"With the increased movement of people at this time, OCHD will begin to share more information about the public places people who have tested positive for COVID-19 have been during their time of communicability if the time spent there could have resulted in significant exposure for others," the department's May 27 release stated. "This will hopefully allow the public to better know their potential risk of coming in contact with someone who has tested positive."

But Stenger blasted the policy, saying it provided the public with no useful information or value.

"This scarlet letter approach of saying someone who was in a bar two weeks earlier - there's no public policy benefit of doing that whatsoever," Stenger told The Times this week.

Public safety - or targeting

A day after the health department issued its press release, and after questions about the potential for unfairly targeting those businesses were raised, the health department issued a second statement, posted on its Facebook page, defining when the department considered a person to pose a significant risk of exposure to others while visiting a public place, which was contact for 15 minutes or more during their time of communicability.

The department also clarified why it was naming businesses.

"This is not intended to lay blame on anyone who tests positive (people may not have symptoms during their period of communicability and may not know they are sick), any local businesses, or other locations identified," the May 28 post stated. "It is meant to allow the public to better know their potential risk of being previously exposed to someone who has tested positive."

As people move about more, the post continued, tracing all contacts becomes increasingly more difficult.

"In situations in which someone who has tested positive and has been out in public, it may be up to the community to identify if they should be tested based on if they have been to the same places as the person who tested positive on the same dates," the post stated. "It is important for everyone to be diligent as people without symptoms can spread the virus and may be visiting the same places as you are."

Stenger disputed those arguments. For one thing, he said, the health department was only singling out certain businesses.

"They didn't even mention other businesses," he said. "The reality is, if you're going to do that, every business is going to have people who are positive entering into their establishment."

As for contact tracing, that is important, Stenger said, but it is supposed to be conducted in private.

"Contact tracing is a private function, not a public function where you say you are going to publicly try to find people who were in this establishment," he said. "It serves no purpose and hopefully we can all agree what the goal is, but the goal ought not be - especially coming out of a pandemic where we were closed for the better part of two months - the goal shouldn't be to bankrupt these businesses based on the word of someone."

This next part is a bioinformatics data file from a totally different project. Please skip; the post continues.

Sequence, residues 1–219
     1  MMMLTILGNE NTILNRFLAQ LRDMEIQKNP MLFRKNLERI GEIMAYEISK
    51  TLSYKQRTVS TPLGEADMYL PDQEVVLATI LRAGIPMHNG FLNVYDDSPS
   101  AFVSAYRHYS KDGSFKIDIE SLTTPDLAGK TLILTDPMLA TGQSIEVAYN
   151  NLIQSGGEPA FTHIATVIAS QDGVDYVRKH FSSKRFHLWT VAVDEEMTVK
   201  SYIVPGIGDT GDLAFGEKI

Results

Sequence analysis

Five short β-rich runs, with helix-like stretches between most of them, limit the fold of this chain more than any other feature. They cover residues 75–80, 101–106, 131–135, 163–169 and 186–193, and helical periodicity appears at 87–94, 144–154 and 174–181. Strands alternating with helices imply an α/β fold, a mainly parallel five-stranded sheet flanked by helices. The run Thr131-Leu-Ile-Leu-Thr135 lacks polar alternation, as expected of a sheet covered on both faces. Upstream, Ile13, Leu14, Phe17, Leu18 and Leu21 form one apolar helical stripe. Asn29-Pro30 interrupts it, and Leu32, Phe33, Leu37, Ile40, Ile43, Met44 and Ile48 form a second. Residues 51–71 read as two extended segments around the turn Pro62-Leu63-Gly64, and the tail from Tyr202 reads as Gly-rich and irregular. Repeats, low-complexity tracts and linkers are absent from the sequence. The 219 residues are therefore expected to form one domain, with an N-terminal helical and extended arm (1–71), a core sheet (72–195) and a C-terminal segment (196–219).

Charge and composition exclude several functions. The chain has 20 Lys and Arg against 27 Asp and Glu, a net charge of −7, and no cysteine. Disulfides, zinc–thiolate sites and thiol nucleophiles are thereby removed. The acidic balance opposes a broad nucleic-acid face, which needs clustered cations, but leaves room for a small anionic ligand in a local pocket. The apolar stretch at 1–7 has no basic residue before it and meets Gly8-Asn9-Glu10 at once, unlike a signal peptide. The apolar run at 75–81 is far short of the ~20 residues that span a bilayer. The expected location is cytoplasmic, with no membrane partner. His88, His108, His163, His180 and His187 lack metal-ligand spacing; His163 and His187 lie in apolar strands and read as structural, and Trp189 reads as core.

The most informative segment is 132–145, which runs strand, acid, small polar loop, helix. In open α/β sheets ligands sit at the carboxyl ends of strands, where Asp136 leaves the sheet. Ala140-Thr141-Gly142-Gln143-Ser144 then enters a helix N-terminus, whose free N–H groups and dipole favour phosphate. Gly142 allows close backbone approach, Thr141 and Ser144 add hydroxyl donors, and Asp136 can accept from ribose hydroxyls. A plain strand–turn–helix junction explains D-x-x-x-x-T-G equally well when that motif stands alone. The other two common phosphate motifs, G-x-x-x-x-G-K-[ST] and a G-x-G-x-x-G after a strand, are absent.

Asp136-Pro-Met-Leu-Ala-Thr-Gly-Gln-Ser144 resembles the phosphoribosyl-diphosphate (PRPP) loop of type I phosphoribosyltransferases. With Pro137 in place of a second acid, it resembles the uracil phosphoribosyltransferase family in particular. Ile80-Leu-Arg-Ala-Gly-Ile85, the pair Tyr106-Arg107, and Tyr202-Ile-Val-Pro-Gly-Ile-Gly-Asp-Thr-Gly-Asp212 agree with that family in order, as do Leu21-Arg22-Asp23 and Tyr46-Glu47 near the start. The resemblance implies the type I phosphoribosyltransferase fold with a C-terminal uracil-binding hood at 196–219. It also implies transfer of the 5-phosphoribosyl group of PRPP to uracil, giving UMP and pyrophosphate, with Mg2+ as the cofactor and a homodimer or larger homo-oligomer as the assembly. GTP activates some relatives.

Complicating the issue is the identity of the businesses are disclosed, Stenger said, but the identity of the person making the claims about the business is not.

"We don't even know who this person is," he said. "Basically we have to trust this information. We have no way to verify it. ... Unlike the virus - we're all in that boat - but to have some official at a county basically say, 'well, this business, this business and this business,' that's just out of line. If someone doesn't like a certain business or business owner, who is to say they couldn't generate a similar press release."

Stenger also said the public derives nothing useful from the disclosure.

"If I am a resident of Oneida County, what does this provide me?" he asked. "This doesn't make me safer. It doesn't provide me with any relevant information. It is only meant really to harm the business, and that cannot be in the best interest of the county."

Stenger said the Tavern League stood ready to work with counties to educate its members and customers and to assist in any way that was productive.

"But I don't see anything productive coming out of a press release two weeks after someone who tested positive was allegedly in a business," he said.

If it becomes a pattern, Stenger said, the Tavern League and business owners would be put in a very difficult position.

"It's like biological McCarthyism, and we are sadly in this environment - and we understand why and what governments have had to do - but we're trying to dig ourselves out of this enormous deficit, and, to put this on top of it for no public policy rationale, it's putting us in a position of looking at legal recourse and that is not at all where we want to be at this point in time. We think we should all be pulling in the same direction instead of pointing out a business that did nothing wrong."